I was kind of a lost soul growing up. Living on autopilot, the days seemed like a blur, one to the next. I was mediocre at school and sports, deeply ambivalent about my future.
Middle school brought the pain of bullying. My tall, skinny frame stood out like a lone sprouted weed on a velvet-green golf course. All I wanted was to be invisible. Instead, I was a target for the older kids, whose relentless taunts instilled in me a crushing fear. I can remember walking down the hallways, terrified that I would get punched or thrown to the ground.
In high school, my fears morphed into a raw and nervous energy that I carried each day. Feeling awkward and uneasy, I developed crippling anxiety and began to shut down socially. I was diagnosed with ADHD in 10th Grade and started taking medication, which made me feel better, despite unpleasant side effects.
Some of the “popular kids” found out about the medication I was taking and invited me to join them for lunch. I was shocked but agreed. They drove me to a park and asked if I had some ADHD medication with me. I pulled out the pills and these peers convinced me to crush one and snort it with them. I was terrified and didn’t want to – but I was more terrified about what they would say if I refused.
I snorted the crushed powder and felt the greatest rush I had ever experienced. We hung out for a while, riding the high together. When I went back to school, I took with me two new exciting feelings: the exhilarating rush of a powerful drug, and a sense of connection with a group of “popular” people. Looking back, it’s now clear to me that this is where my journey into addiction began.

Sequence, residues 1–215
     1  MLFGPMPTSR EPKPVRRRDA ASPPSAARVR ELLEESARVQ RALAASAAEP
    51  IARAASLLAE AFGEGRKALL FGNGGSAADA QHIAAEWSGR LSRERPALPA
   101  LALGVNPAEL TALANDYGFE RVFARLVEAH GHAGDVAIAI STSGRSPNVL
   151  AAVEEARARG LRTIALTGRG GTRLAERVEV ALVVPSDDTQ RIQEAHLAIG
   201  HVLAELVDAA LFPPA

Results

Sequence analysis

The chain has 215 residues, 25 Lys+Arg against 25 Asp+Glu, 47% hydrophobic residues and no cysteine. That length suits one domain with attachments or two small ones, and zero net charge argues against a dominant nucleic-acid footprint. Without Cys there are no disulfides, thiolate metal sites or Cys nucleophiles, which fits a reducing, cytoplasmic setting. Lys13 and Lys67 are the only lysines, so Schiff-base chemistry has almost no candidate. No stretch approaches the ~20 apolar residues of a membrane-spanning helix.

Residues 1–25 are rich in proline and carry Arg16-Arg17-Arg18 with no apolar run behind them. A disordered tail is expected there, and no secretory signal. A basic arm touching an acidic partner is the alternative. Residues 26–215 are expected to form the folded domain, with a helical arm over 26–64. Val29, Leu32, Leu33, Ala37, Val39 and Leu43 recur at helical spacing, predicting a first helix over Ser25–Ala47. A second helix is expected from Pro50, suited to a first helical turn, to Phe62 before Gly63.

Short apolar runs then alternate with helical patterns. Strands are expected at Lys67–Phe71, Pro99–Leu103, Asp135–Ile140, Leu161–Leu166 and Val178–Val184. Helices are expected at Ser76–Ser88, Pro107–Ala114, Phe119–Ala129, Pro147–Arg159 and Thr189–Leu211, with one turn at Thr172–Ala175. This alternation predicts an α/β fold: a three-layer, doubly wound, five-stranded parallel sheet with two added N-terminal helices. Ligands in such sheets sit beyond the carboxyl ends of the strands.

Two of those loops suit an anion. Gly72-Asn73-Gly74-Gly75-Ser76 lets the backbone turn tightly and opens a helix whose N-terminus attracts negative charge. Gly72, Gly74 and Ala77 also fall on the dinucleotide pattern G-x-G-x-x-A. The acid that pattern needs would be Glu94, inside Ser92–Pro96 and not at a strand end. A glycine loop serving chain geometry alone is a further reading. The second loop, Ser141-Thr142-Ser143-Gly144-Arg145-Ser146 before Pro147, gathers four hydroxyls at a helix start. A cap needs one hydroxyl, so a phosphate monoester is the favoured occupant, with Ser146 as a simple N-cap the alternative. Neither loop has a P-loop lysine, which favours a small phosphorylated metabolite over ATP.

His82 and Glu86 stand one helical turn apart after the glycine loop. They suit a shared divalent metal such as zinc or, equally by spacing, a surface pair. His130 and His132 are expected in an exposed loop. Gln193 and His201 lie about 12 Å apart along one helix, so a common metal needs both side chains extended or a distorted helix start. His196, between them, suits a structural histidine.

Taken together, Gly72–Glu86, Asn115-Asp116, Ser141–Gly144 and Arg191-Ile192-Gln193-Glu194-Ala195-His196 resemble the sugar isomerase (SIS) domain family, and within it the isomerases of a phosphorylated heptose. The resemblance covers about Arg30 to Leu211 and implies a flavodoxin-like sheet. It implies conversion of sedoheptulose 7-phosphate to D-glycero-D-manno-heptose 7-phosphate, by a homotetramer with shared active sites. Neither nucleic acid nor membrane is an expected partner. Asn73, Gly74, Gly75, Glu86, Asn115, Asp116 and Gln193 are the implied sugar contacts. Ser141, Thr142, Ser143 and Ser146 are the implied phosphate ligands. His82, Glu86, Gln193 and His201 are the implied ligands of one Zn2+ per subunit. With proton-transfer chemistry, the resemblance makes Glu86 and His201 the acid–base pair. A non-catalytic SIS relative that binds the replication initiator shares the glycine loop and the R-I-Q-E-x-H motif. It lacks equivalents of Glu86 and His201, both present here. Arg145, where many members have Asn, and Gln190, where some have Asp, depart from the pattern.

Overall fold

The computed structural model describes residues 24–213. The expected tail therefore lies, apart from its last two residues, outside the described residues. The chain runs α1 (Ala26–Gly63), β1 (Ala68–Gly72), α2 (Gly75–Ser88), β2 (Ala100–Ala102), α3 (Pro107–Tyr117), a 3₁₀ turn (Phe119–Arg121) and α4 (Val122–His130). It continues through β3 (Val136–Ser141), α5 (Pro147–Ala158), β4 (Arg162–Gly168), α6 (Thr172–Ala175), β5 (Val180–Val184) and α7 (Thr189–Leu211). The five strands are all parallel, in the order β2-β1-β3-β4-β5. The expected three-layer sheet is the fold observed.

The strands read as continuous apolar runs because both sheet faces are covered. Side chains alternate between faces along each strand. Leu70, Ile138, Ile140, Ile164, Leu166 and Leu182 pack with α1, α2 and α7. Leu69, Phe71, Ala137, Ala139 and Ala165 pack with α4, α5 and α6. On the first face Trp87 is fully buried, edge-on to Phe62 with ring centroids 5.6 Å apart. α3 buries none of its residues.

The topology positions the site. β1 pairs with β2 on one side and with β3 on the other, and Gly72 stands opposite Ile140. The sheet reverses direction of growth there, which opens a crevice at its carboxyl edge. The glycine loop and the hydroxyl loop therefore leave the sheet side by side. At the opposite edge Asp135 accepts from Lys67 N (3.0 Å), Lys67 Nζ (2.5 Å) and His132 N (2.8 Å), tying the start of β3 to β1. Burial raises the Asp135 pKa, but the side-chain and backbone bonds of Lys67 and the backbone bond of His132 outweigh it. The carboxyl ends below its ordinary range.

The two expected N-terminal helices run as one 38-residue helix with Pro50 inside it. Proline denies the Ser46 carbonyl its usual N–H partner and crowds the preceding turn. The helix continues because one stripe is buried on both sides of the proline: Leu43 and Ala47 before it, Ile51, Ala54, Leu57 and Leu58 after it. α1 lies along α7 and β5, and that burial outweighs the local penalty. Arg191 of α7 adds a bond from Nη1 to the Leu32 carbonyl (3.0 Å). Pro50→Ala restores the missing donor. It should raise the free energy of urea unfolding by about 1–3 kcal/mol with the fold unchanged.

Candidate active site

Over the next two years, I started hanging out with this popular group – abusing my medications, drinking alcohol, and smoking weed. I finally fit in, and the bullying stopped. I was a part of a group that I thought made me feel good. Gradually, though, I was becoming more dependent on the pills and started searching for more. By the time I graduated high school, I had mastered how to get a higher dosage of ADHD medication, and anti-anxiety pills to help me come down.
College arrived and I managed to flunk out in one year. I started using cocaine and abusing any medication I could get. When I returned home, my life unraveled. I began selling drugs and stealing money from my parents to pay for cocaine, now an expensive daily habit. My friends and parents intervened. After a series of outpatient rehab programs, I continued to relapse and gave up hope. I felt I was going to be a drug addict the rest of my life. I was 22 years old.
One night, I arrived home and was met by one of my “good” childhood friends who was waiting with my parents. They all asked me to sit down. They told me they loved me and couldn’t sit back and watch me throw my life away. They asked if I was ready to get help. I was terrified, but at the same time overwhelmed by the misery that my life had become.
I was able to hear their words and knew in my heart that I needed intensive help. The next day, I was on an airplane on my way to enter a long-term residential drug rehab program. For five months, I remained in treatment. That commitment saved my life.
After completing the program, I felt so empowered and for the first time, understood what a true connection was like. I wanted to help others struggling with addictions.
I knew I had a gift for technology and loved the internet, so I decided to build a website to reach people like me who were dealing with substance abuse. The website was rehabcenter.net. That was eight years ago and I have had the good fortune of working with thousands of families across the country – helping them find freedom from addiction. I have been clean ever since.
One piece of advice that I give people in recovery is to stay connected and help others. I feel that is the biggest asset in my recovery – to constantly strive to make a meaningful difference. It’s a philosophy that keeps you grounded and helps you never forget your own struggle.
I hope my personal journey encourages someone else who is fighting drug or alcohol addiction. We each have unique personal circumstances, but a healthy, drug-free life is possible. Millions of Americans are living in long-term recovery. As one of them, I can assure you that life does get better.